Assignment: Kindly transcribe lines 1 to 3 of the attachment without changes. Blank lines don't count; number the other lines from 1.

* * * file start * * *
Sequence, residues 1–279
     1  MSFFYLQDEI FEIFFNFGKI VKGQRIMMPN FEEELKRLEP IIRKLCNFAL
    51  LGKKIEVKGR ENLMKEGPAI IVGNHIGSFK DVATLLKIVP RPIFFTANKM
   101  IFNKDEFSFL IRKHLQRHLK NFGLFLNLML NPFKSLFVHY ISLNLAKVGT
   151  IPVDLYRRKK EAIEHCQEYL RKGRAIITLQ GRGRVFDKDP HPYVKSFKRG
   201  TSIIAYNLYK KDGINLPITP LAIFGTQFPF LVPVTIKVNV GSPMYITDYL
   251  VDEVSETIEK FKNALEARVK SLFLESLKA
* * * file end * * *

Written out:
Sequence, residues 1–279
     1  MSFFYLQDEI FEIFFNFGKI VKGQRIMMPN FEEELKRLEP IIRKLCNFAL
    51  LGKKIEVKGR ENLMKEGPAI IVGNHIGSFK DVATLLKIVP RPIFFTANKM